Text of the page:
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Harnessing Innovative AI Solutions in Your Lab

Exploring AI-powered analytic and processing tools—and the challenges that accompany them

by
Holden Galusha

Holden Galusha is the associate editor for Lab Manager. He was a freelance contributing writer for Lab Manager before being invited to join the team full-time. Previously, he was the...

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Artificial intelligence (AI) has been a prevalent theme in the news cycle over recent months. AI, which is essentially a computer’s ability to mimic human intelligence, and machine learning (ML), a subset of AI that can improve the accuracy of its output autonomously by “training” on datasets, have the potential to upend entire industries. Some are skeptical, thinking the tech is overhyped. Meanwhile, to the awe of some and the apprehension of others, many believe AI will be a bigger revolution than the internet. One thing is certain: as is the pioneering nature of scientists, many laboratory professionals are finding ways to incorporate AI solutions into their workflows.

Leveraging innovative AI and ML solutions has opened new doors in data analysis, image processing, and lab monitoring—but in opening this Pandora’s Box, there also come significant challenges that the scientific community must address.

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Using AI to augment analysis

Currently, data analysis processes likely offer the most opportunities for bolstering your lab’s workflow with AI/ML. AI is particularly well-suited to augment analysis. It can detect patterns in data that are difficult, if not impossible, for humans to detect. This results in two primary benefits: (1) AI can increase lab throughput by quickening the analysis process, and (2) AI offers an additional layer of inspection—humans and machines work in tandem to check each other’s work and cover any gaps.

Several forms of AI have been applied in experiment data analysis, such as data processing and image analysis.

Data analysis

AI and ML have proven particularly useful in analytic techniques including chromatography, mass spectrometry, and spectroscopy. Science instrumentation manufacturers such as METTLER TOLEDO, Agilent Technologies, and JEOL have released AI solutions commercially that enhance the analytic capabilities of those using these techniques.

One such solution is Agilent’s MassHunter software. MassHunter is a suite of programs that facilitate efficient data collection, qualitative and quantitative analysis, reporting, and other functions involved with gas and liquid chromatography. In summer 2023, Agilent unveiled a new module for MassHunter: AI Peak Integration. AI Peak Integration leverages ML to automate chromatographic peak integration during data analysis, reducing the total processing time. Users can custom train the model by performing manual integrations for it to observe, and it will continue to self-learn and improve.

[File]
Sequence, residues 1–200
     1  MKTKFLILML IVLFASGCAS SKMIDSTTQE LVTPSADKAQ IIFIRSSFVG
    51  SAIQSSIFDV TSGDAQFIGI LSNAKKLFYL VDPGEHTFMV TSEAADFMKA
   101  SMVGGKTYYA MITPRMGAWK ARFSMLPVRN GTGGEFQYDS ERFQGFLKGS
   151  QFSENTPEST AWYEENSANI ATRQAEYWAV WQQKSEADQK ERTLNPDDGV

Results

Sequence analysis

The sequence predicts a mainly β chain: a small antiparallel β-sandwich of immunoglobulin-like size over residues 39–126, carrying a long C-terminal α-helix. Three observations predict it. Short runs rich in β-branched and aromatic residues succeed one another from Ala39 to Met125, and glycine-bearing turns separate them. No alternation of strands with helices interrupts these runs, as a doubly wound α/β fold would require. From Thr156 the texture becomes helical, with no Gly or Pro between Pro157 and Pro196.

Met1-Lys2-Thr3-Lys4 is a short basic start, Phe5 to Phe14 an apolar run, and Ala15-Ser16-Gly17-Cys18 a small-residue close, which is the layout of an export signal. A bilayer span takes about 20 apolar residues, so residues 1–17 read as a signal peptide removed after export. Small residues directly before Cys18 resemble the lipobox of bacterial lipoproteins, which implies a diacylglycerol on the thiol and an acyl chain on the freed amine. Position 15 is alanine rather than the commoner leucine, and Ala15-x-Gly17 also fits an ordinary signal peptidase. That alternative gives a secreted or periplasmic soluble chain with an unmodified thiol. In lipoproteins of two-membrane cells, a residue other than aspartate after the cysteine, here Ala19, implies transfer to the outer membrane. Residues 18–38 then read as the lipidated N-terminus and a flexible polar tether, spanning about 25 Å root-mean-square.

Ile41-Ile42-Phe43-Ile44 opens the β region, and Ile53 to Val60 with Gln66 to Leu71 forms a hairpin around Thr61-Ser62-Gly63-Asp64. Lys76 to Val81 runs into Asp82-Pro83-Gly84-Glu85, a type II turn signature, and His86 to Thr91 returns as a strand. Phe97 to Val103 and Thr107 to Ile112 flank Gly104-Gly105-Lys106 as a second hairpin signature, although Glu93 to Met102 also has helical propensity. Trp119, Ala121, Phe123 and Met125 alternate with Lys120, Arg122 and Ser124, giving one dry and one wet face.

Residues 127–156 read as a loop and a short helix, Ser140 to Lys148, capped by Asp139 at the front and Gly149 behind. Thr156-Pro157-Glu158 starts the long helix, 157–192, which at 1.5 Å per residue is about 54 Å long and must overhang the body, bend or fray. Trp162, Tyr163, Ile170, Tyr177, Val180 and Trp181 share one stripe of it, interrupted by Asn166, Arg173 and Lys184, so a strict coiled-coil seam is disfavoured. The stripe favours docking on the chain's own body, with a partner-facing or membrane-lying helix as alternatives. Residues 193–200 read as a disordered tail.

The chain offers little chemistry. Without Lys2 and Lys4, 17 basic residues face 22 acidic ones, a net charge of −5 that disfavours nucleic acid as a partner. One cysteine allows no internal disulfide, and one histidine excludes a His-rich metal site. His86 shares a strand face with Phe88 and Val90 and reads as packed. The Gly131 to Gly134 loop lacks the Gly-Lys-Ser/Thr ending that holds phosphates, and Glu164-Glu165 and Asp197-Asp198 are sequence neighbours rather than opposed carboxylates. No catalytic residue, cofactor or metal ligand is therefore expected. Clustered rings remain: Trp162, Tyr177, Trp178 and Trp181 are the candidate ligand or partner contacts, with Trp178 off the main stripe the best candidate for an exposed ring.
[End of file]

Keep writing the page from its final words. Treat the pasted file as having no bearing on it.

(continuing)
Similarly, JEOL’s msFineAnalysis AI software, designed for use with their JMS-T2000GC AccuTOF GC-Alpha mass spectrometer, uses two integrated AI models to synthesize GC/electron impact high resolution data, GC/soft ionization high resolution data, and structure analysis capabilities to automatically output detailed qualitative analyses. According to JEOL, msFineAnalysis can analyze 100 components in four seconds, while a skilled analyst takes 30 minutes to analyze just four components on average. With msFineAnalysis, an analyst can considerably widen their bandwidth.

...But in opening this Pandora's Box, there also come significant challenges that the scientific community must address.

Finally, METTLER TOLEDO’s AIWizard solution uses a neural network, a type of ML that mimics biological brains, for intelligent, automated evaluation of thermal effects measured by a direct scanning calorimeter. The network comes pretrained on thousands of data points originating from expert evaluations. Like a real brain, the network will continue to learn and improve itself as it’s used. With AIWizard, users can redirect their energies on drawing insight from the AI-evaluated data, saving time and effort.

Image processing

A form of AI commonly used in labs is image analysis and recognition technology. This technology is often used to identify elements of interest in microscopic photographs, medical scans, real-time camera feeds, etc. An example would be automated cell counters, which can independently count cells in microplate wells. Similarly, a 2022 study saw researchers leveraging ML to automatically identify isolated cells, which would ease the burden on humans to identify them in biomedical engineering processes.1

An ambitious project based on this technology is FathomNet, a repository of ocean images. These images are intended for use in training ML models in oceanographic applications. Announced in October 2022, FathomNet was founded on more than one million images and more than 28,000 hours of video, all annotated and contributed by Monterey Bay Aquarium Research Institute. Further data from the National Geographic Society and the National Oceanic and Atmospheric Administration were also added Ideally, FathomNet will accelerate ocean research and enable more effective ocean health monitoring, among other use cases.2

Open-source software and the future of laboratory AI

Many commercial AI/ML solutions are on the cutting-edge of technology, but more developments continue to be made in the open-source software space. Open-source software is software whose source code is freely available for anyone to download, modify, and run. There are numerous AI-powered, open-source lab software solutions currently in development, some of which have been showcased in journals. While few of them may be ready for production use, they may indicate what the future of AI analytic software looks like.